disk space. This would typically involve running the aureport -t
       report and moving the oldest logs to an archive area. The value of
       space_left is site dependent since the rate at which events are
       generated varies with each deployment. The space_left_action is
       recommended to be set to email. If you need something like an snmp
       trap, you can use the exec option to send one.

       Admin_space_left should be set to the amount of disk space on the
       audit partition needed for admin actions to be recorded.
       Admin_space_left_action would be set to single so that use of the
       machine is restricted to just the console.

       The disk_full_action is triggered when no more room exists on the
       partition. All access should be terminated since no more audit
       capability exists. This can be set to either single or halt.

       The disk_error_action should be set to syslog, single, or halt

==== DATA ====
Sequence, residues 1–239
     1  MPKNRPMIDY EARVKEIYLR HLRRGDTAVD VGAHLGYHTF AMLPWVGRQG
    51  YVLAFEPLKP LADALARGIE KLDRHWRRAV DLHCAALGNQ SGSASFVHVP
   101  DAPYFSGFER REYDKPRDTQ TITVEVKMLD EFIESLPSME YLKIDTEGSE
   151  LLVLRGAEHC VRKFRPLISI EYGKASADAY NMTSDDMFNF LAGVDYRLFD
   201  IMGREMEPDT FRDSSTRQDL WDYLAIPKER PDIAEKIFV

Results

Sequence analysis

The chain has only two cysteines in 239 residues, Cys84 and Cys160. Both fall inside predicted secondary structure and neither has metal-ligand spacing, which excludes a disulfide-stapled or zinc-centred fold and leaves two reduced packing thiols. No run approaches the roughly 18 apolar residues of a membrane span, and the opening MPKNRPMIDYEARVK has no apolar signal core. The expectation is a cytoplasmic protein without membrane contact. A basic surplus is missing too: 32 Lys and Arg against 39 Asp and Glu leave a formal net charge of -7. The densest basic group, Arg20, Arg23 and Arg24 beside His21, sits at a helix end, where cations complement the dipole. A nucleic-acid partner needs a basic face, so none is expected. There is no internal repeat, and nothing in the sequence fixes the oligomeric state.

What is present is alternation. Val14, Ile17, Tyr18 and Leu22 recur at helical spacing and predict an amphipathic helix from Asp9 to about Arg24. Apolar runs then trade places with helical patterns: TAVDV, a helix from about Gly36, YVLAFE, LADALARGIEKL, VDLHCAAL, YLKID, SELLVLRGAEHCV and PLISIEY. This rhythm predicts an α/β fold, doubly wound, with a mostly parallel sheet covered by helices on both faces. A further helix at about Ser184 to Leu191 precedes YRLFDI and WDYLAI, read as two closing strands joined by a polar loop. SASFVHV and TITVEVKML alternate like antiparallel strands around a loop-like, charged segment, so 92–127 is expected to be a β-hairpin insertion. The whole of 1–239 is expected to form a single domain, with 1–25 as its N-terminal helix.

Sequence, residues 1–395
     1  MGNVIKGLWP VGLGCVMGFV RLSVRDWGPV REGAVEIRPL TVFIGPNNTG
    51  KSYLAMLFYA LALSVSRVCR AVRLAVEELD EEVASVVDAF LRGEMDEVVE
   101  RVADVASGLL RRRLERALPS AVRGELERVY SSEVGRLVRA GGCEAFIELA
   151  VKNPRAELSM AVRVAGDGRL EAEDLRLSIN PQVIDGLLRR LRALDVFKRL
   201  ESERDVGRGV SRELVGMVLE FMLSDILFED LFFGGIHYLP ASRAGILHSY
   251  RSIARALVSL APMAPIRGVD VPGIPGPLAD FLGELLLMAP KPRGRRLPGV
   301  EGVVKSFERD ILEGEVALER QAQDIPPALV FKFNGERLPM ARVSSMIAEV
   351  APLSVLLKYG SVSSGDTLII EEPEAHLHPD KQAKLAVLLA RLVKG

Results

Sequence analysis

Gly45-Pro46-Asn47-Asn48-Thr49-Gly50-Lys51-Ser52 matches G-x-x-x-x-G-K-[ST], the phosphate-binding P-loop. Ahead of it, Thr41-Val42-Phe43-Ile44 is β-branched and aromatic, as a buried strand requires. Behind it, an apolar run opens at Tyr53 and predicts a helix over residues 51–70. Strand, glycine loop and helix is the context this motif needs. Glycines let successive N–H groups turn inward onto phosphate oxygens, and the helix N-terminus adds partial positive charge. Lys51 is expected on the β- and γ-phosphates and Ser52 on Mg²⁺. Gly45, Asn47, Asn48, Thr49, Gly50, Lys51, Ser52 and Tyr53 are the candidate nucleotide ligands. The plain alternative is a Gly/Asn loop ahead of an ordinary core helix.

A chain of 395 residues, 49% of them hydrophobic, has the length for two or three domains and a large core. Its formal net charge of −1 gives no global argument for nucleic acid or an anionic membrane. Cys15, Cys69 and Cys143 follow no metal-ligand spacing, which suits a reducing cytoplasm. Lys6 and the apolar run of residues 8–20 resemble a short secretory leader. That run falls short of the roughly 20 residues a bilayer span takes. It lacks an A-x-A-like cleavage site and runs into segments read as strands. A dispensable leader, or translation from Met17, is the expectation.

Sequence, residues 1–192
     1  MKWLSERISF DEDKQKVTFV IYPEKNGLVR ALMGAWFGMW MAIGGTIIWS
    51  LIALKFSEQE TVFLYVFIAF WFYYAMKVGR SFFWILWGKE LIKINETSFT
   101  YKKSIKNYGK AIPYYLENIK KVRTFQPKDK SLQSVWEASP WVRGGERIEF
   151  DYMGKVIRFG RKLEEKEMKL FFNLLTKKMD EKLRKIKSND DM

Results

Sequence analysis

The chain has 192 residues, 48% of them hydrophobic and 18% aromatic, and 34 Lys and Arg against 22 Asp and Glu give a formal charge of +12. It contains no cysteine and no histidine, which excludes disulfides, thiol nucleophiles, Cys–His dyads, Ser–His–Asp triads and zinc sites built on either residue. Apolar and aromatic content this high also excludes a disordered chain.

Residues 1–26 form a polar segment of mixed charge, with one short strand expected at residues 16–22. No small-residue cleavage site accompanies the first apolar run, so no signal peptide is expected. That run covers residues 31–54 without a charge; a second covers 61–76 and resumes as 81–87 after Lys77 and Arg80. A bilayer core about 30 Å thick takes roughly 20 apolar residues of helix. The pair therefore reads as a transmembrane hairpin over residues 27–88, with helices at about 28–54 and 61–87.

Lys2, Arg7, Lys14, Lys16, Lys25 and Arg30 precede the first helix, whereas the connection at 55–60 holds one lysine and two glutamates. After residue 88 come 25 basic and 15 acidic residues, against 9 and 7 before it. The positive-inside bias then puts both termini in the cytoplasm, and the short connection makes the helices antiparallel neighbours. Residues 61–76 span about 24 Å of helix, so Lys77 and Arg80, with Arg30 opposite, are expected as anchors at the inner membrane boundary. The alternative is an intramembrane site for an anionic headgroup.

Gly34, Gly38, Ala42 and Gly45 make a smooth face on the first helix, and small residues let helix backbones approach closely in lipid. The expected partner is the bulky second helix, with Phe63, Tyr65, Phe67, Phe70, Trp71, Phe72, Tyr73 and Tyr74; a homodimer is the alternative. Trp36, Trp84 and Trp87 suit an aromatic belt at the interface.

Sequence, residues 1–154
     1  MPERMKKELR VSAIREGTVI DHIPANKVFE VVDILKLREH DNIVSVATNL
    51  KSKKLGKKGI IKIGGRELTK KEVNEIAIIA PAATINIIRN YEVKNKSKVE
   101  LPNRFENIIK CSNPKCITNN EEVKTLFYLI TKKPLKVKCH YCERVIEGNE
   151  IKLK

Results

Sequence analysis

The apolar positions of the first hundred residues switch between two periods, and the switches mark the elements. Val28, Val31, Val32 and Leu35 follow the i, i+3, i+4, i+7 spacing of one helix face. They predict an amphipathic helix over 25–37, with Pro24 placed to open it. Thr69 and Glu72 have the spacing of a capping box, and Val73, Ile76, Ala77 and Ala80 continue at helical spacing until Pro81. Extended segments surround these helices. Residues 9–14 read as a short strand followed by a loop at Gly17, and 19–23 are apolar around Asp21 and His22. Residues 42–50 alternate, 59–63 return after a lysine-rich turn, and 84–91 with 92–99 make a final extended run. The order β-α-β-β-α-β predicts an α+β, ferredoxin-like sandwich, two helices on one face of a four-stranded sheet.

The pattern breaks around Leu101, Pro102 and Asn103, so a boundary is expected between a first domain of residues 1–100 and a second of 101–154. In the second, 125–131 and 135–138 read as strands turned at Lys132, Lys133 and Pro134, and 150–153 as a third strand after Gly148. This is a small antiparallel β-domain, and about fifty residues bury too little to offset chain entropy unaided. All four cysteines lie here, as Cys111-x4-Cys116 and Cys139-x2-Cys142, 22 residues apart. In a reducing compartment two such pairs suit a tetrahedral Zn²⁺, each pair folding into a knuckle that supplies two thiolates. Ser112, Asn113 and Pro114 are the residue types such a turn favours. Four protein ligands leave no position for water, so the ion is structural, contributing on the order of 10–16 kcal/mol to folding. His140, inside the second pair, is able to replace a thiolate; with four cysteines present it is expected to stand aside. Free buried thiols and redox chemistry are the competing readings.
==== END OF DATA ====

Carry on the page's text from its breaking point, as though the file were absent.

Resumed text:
depending on your local policies regarding handling of hardware
       malfunctions.

       Specifying a single allowed client port may make it difficult for the
       client to restart their audit subsystem, as it will be unable to
       recreate a connection with the same host addresses and ports until
       the connection closure TIME_WAIT state times out.

FILES         top

       /etc/audit/auditd.conf
              Audit daemon configuration file

SEE ALSO         top

       auditd(8), audisp-remote.conf(5).

AUTHOR         top

       Steve Grubb

COLOPHON         top

       This page is part of the audit (Linux Audit) project.  Information
       about the project can be found at 
       ⟨http://people.redhat.com/sgrubb/audit/⟩.  If you have a bug report
       for this manual page, send it to linux-audit@redhat.com.  This page
       was obtained from the project's upstream Git repository 
       ⟨https://github.com/linux-audit/audit-userspace.git⟩ on 2017-03-13.
       If you discover any rendering problems in this HTML version of the
       page, or you believe there is a better or more up-to-date source for
       the page, or you have corrections or improvements to the information
       in this COLOPHON (which is not part of the original manual page),
       send a mail to man-pages@man7.org

Red Hat                          April 2016                  AUDITD.CONF:(5)